Some residents in Tampines are crying foul after several chickens, which had been roaming free in their neighbourhood, disappeared.
But the Tampines Town Council said just four of the birds were removed after some residents complained about the noise they made. The chickens were then handed to the Agri-Food and Veterinary Authority (AVA).
On Saturday, Chinese-language daily Lianhe Wanbao reported that residents of Housing Board flats in Tampines Street 21 had complained that many chickens had been removed, leaving only about 10 in the garden areas of Blocks 266 and 267.
Tampines Town Council said an arrangement was made to relocate the chickens on Aug 17, adding that there have been no additional attempts to trap the birds since.
"Four chickens were removed using cage traps and transferred to the AVA," a spokesman for the town council said.
She said the town council acted because of "increasing complaints of noise disturbances of late by the early morning crowing (of the chickens), and the leftover pellets or feed for these chickens (that) have been observed to attract pests such as rats".
But some residents, such as 70-year-old Madam Xie, liked the morning crowing. She told Lianhe Wanbao: "I miss the times in the kampung when I had chickens in the backyard, and the chickens make me feel very at home."
AVA said Tampines Town Council had approached the authority for advice on guidelines for the proper handling of chickens. The authority said town councils can decide whether to trap or remove chickens within their jurisdiction.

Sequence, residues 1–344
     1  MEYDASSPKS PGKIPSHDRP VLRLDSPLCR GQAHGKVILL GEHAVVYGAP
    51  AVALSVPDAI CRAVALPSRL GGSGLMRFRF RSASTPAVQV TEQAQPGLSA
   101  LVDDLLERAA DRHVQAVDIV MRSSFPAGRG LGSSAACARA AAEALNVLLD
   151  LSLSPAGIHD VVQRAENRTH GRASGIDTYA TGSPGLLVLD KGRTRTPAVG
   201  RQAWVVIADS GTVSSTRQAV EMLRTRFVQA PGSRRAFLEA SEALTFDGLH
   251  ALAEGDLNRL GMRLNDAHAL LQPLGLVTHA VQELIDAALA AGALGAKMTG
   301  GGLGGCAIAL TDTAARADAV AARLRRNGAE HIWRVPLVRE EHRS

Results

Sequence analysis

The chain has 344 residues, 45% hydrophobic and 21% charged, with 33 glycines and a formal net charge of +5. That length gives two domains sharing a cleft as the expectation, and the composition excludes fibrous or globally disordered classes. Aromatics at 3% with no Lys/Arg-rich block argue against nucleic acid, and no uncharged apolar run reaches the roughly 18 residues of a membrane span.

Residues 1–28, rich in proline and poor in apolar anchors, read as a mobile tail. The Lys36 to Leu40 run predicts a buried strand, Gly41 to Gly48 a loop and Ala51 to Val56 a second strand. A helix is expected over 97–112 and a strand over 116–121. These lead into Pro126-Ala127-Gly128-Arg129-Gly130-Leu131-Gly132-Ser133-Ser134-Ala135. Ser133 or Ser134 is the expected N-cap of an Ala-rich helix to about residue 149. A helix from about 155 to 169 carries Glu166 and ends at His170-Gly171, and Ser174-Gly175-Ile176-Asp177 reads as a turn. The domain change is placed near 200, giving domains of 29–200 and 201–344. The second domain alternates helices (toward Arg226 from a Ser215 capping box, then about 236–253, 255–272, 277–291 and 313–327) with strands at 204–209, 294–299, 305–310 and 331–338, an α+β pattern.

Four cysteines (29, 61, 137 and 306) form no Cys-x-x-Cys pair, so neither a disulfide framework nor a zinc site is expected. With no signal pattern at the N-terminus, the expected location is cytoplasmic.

A spokesman for Tampines Town Council said it acted because of "increasing complaints of noise disturbances of late by the early morning crowing (of the chickens), and the leftover pellets or feed for these chickens (that) have been observed to attract pests such as rats".
But trapping operations should not result in any form of cruelty to the birds and the tools used to trap the chickens need to be "appropriate and humane", AVA added.
Trapped birds should also have sufficient food, water, shelter and space during transportation.
As for the four Tampines chickens, AVA said that it is working with animal welfare groups to rehome them. It also clarified that the chickens are not the nationally endangered red jungle fowl that is native to Singapore.
The Tampines Town Council spokesman said it "understands that the chickens have brought joy to some residents within the community". But she added that the population of the birds had grown substantially due to natural reproduction and illegal feeding.
"The town council is doing our best to achieve a balance within a common living space," she added.